Modern technology with its use of genetic engineering, whereby DNA molecules from different organisms (rDNA) can be combined, is emerging as a potential tool in agriculture. The plant’s varieties that are being developed through this technique are popularly known as genetically engineered (GE), genetically modified (GM) or transgenic crops. Although genetic modification of plants through conventional selection and breeding is an age old practice, the GM crops techniques are more precise and genes can be transferred to microorganisms and plants—a process not possible earlier. Some prefer to use the term ‘transgenic technology’ instead of GM for the same reason.
Given the newer processes of gene transfer, the products generated by GM techniques need to be scanned under the food and environmental safety codes. In India, the manufacture, import, use, research and delivery of GM organism and the products using the rDNA technology are regulated by the rules commonly known as the Rules 1989 of the Environment (protection) Act 1986 administered by the Ministry of Environment, Forests and Climate Change (MoEF& CC). The rules cover not only areas of research but also large-scale applications of GM organisms and resultant products.
GM or transgenic technology has been in use for more than 20 years and has undergone many improvements. Earlier transgenics were developed from simpler genes; now more complex genomes have become easier to handle and analyze leading to new generation of transgenics.
Genetically modified crop in India
Cotton is a long duration crop and is attacked by a large number of insect pests throughout its growth and development. American boll worm, pink boll worm, and spotted bollworms are the major pests that cause a serious threat to cotton production resulting in significant yield losses. BT cotton is the only transgenic crop whose gene has been derived from a soil bacterium called Bacillus thuringiensis, commonly referred as Bt that has been approved for cultivation in India.
Bt has been used as an insecticide for control of stored grain pests since 1938 in France and from 1961 as a registered pesticide in the USA and later in many other countries including India as sprays in cotton IPM programs to control insects. Bt toxins thus have several decades of proven selective toxicity to insect pests and with established safety record to non-target animals (Kranthi, 2012)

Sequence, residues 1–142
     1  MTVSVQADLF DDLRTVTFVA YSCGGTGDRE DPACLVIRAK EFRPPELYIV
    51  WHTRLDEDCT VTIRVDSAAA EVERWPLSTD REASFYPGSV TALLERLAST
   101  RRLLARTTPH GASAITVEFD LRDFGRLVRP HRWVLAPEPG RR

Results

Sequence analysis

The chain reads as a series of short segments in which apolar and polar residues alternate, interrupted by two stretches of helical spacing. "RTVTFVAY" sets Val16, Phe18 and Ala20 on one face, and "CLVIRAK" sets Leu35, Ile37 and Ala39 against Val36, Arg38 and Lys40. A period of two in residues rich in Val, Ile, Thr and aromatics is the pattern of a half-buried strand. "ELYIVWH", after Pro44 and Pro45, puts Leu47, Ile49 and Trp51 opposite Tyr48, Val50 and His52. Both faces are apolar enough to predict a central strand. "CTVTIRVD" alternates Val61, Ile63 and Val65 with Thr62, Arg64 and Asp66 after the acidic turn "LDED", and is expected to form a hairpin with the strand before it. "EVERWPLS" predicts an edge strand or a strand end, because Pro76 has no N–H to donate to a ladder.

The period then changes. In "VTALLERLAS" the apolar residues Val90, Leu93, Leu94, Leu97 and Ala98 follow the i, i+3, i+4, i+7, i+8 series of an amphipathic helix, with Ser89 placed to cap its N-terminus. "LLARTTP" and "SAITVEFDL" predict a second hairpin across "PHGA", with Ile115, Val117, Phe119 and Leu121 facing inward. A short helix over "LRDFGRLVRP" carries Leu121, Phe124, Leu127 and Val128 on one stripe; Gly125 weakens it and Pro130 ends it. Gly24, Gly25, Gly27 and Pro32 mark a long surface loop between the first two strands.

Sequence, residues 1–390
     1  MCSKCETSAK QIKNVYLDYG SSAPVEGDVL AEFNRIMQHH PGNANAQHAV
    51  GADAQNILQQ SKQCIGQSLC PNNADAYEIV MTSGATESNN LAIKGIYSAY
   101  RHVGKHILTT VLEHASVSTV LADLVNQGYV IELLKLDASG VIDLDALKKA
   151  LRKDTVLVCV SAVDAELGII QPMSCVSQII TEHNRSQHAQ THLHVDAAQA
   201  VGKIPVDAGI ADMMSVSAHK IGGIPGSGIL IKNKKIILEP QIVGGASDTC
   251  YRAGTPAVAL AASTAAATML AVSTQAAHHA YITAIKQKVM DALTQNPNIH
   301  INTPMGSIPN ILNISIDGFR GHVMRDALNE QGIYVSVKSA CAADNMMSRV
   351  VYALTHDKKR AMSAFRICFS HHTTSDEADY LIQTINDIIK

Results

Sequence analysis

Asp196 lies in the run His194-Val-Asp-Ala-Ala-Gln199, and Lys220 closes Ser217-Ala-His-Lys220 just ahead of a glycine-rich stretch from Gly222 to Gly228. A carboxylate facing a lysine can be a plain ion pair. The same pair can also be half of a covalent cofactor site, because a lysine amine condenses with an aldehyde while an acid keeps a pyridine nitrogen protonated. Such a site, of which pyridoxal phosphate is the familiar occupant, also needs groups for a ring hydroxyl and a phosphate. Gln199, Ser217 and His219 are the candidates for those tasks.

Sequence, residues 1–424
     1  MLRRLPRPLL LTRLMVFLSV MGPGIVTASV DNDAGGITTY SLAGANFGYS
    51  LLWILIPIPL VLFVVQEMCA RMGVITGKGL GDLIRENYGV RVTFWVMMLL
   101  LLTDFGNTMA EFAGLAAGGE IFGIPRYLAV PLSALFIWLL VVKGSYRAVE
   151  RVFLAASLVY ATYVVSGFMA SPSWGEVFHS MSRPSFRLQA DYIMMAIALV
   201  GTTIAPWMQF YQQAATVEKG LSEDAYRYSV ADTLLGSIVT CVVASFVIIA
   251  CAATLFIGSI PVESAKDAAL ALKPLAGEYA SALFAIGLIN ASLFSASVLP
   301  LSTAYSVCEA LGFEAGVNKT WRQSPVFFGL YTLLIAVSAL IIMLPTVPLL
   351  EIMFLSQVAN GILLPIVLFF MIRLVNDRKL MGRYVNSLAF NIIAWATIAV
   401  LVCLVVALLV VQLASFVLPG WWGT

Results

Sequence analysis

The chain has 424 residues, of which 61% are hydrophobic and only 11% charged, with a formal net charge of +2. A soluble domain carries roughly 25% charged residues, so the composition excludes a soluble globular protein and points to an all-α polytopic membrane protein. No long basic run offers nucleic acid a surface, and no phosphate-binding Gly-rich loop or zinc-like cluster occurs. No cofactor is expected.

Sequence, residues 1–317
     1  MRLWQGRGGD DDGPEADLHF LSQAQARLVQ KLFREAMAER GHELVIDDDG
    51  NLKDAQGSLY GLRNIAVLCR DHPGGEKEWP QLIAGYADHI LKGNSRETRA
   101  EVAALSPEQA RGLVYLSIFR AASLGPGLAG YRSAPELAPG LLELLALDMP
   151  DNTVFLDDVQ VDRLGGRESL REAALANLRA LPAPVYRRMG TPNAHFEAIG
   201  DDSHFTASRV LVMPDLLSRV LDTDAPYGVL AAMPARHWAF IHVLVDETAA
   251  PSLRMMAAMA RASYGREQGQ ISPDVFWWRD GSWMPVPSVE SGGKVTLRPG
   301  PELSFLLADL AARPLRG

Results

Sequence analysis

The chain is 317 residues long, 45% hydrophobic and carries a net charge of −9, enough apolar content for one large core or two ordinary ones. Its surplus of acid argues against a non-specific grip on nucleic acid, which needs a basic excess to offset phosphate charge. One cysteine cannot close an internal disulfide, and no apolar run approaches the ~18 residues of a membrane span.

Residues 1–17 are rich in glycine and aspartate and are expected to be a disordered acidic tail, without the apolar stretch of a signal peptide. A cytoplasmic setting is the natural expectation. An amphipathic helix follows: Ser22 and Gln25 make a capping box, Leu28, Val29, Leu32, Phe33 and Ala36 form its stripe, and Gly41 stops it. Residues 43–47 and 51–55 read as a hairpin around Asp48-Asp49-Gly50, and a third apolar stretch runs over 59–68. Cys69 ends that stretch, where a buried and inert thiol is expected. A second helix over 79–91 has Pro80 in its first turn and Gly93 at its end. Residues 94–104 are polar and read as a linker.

At the outset, the introduction of Bt cotton seems to have worked, for the area under cotton, which was earlier on decline in India—from an average of 8.7 million hectares in 2001 to 7.8 million hectares in 2002 and 2003 because of frequent boll worm infestation and outbreaks has increased to about 12.2 million hectares in 2011. Thus there was an additional increase of at least 3 million hectares because of the introduction of Bt-cotton (ibid). Likewise, a yield of cotton which was 189 kg lint per ha in 2001 has increased to 504 kg lint per ha in 2015.
In 2009, Btbrinjal was found safe for environmental release by the Genetic Engineering Approval Committee (GEAC). However, a moratorium was laid in 2010. A report in December 2010 provided a scientific analysis in view of the national debate on GM crops including Btbrinjal (Giri and Tyagi, 2016). The Report recommended the use of transgenic crops for sustainable agriculture. At the same time, there were other reports asking for a more nuanced analysis of all the concerns which were being voiced against GM crops.
In general, the proponents of this technology recommend the adoption of transgenic technology on the basis of the following:
Better Yields: Transgenic technology leads to low-input/high output cropping pattern. Given the progressively shrinking land and enhanced demands for developmental activities, India needs such a measure.
Resistance to disease: GM crops are pest-resistant. For example, there are no solutions for cotton boll worms or leaf curl viruses found in any cotton form. The breeding option has also been unsuccessful. Under the circumstances, GM technology can be used which transfer desirable traits into popular varieties.
Fewer Inputs: Adopting GM crops help farmers build sustainable agricultural practices i.e., shifting to reduced or no tilling of fields and fewer pesticide applications.
Risk Assessment: A major concern has been regarding the risks GM crops may have on animal and human health and the environment. Gene transfer through pollen/seed dispersal as well as horizontal gene transfer, transfer of foreign gene to micro-organisms or generation of new live viruses by recombination are other potential risks. However, given the prolonged use across many developed countries, the GM crops have undergone strict assessments. It has been found that they do not pose any more risks to people, animal or the environment than any other food.